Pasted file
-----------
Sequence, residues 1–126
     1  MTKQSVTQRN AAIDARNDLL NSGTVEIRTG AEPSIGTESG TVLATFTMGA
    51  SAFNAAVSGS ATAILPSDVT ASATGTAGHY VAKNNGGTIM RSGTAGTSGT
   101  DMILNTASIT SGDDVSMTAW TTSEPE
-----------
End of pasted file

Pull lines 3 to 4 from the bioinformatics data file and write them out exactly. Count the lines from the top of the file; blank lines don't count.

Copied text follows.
    51  SAFNAAVSGS ATAILPSDVT ASATGTAGHY VAKNNGGTIM RSGTAGTSGT
   101  DMILNTASIT SGDDVSMTAW TTSEPE